The above image shows how precise the content is for the header image. It sets the tone and pace for the remaining email for the readers.
Designing the Footer: The Perfect Ending
If the reader manages to skim through the entire email, the last thing they would read in the email would be the footer. The footer is your last chance to connect with the readers and offer them some valuable information, which has not been mentioned throughout the email.
Here’s what a good footer does for your brand:
- It attempts to remove all the unrelated information and helps streamline the entire communication of the email with minimal words or phrases.
- The terms and conditions are part of the footer content. Such things help the readers gain transparency and will allow them to understand what the promotion is all about.
- There are a few steps mentioned in the footer, in case of promotions, which assures the user about the direction they need to take to complete the transaction of any kind.
Footer Design Best Practices
- Inclusions: When designing the footer, there are a few elements that you cannot ignore. Here are the footer inclusions that are a must
- A backlink to your site is essential – either to a site page or to the blog, depending on where you want to take the user. The users should understand a bit more about your website and your brand, and the footer link is the only way for that.
- The mailing address is important as readers should know where to contact you for more information. Also, include other contact information such as your email address and phone number.
- The social media links should be placed along the footer. Use social media icons and link them to your social media pages so that the users can gain more insights about your brand.
- You can also add a sign-up link, a menu and other such information in the footer if needed.
- Simple & precise: The design of the should be simple and insightful. It should grab the user’s attention with the content placed in it. Don’t try to stuff too much information into the footer. Focus on the central message while designing the footer, and just include what you believe works for the readers.
- Organize it: It is important to organize the content in the footer in a defined manner. You ought to make sure that the content has a hierarchy, which is based on the kind of actions you want the user to take. You should direct the users towards one action at a time.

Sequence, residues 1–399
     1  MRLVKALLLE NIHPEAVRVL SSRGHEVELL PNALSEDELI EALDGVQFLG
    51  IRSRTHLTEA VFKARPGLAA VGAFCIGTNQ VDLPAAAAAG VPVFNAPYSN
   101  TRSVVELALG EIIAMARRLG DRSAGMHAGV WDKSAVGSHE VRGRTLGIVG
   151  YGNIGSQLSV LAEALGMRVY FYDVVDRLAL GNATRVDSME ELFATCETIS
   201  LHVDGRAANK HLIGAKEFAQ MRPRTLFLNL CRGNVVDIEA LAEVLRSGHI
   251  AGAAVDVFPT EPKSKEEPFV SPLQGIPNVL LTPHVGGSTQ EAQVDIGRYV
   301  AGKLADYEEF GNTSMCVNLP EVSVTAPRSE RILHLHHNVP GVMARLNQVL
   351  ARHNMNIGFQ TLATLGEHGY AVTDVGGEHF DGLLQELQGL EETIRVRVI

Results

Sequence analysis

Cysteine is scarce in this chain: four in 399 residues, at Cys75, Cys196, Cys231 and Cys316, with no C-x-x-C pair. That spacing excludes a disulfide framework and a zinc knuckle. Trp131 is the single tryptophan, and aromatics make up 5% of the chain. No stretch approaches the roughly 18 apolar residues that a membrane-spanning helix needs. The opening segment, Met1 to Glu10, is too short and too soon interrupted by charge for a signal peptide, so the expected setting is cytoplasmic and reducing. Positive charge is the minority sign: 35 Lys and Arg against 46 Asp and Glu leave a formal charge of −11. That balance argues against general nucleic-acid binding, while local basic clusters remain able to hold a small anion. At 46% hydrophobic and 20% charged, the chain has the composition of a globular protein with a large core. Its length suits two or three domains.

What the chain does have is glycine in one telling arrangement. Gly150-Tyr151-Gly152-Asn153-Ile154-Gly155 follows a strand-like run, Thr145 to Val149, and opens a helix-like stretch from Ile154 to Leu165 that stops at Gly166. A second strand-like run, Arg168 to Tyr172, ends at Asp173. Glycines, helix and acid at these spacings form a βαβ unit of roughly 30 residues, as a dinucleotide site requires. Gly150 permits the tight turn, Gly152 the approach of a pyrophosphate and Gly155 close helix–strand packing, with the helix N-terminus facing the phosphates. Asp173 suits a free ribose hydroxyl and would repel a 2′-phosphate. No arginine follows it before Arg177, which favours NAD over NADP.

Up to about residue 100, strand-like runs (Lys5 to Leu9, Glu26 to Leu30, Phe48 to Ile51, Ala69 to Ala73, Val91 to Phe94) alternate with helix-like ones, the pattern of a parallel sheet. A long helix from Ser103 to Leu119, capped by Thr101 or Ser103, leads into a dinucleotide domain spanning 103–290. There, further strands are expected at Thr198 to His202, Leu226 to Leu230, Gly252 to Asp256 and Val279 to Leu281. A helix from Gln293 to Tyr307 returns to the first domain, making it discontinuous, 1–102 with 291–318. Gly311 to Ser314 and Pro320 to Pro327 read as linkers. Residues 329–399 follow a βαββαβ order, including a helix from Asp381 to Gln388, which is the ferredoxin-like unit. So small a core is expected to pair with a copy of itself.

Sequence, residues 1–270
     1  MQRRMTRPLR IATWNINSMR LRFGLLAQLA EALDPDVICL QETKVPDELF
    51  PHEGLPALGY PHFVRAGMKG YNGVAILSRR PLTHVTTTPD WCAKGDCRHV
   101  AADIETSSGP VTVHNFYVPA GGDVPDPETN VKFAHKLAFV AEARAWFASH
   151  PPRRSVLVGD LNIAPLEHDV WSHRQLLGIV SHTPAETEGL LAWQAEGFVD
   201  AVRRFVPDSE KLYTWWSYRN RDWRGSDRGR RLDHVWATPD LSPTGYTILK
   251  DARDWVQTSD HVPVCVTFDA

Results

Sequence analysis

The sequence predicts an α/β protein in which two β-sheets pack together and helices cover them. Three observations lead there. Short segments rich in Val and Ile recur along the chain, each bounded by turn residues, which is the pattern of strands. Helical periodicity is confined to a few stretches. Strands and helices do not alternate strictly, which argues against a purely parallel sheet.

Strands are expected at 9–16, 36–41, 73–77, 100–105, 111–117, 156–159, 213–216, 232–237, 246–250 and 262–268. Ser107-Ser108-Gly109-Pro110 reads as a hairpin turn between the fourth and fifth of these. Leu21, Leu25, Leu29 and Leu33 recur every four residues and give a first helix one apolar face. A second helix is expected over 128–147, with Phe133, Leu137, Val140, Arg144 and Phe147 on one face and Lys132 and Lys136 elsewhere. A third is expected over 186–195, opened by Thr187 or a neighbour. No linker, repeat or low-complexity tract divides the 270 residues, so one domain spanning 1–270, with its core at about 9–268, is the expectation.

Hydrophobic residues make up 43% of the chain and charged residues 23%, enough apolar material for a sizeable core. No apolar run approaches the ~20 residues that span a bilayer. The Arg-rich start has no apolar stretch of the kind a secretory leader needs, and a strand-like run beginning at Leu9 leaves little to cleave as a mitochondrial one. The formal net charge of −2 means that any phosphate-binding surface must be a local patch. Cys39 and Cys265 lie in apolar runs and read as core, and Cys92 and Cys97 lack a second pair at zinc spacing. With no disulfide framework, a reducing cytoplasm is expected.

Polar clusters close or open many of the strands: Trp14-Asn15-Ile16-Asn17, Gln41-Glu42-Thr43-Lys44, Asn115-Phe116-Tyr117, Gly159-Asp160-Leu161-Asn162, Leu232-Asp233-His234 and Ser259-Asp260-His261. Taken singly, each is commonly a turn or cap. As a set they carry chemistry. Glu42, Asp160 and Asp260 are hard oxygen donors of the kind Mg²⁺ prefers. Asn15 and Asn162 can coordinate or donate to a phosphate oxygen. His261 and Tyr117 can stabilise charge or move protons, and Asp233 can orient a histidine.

- Space it out: Take up the space to communicate every part of the email footer in a defined manner. Don’t cramp up the content just to reduce the space as that will have a negative impact on the readers.
- Signoff: It is important that you have a signoff that you can use with the mass emails you send to customers. It could be playful or serious, depending on the image you are trying to carve for your brand.
Some interesting examples of header designs by top brands
You can see how well organized and hierarchy-based arrangement in the footer design looks like. It gives the reader clarity on what is expected of them first, and what are the various actions they can take.
The perfect signoff can be seen in the Google Home hub email in the form of “was this email helpful?”.
You also see add-on content like copyright and privacy policies in the footer in a defined manner. The social icons are well spaced out that makes it a perfect example of an email footer.
If email marketing is important to you, then you ought to look into every element of the email and ensure that they are properly designed and defined.
The header and footer play an important role in enhancing the overall appeal of the email and increasing email engagement.
Both the header and footer should be designed carefully and should be simple and intuitive. The content should specifically convey what you want to say throughout the email, for the header. In the case of the footer, the content should convey that you have ended the email and offer some more valuable information to the users. Links to the websites or other social sites can help the user know more about you as a brand, and bring higher conversions for you.
Chris Donald is the Director of InboxGroup, A professional email marketing agency that specializes in providing result-driven email marketing services. He has worked directly with Fortune 500 companies, retail giants, nonprofits, SMBs and government bodies in all facets of their email marketing services email audit and marketing automation programs for almost 2 decades. He enjoys sharing his distinctive thoughts and insights into email marketing best practices at his blog.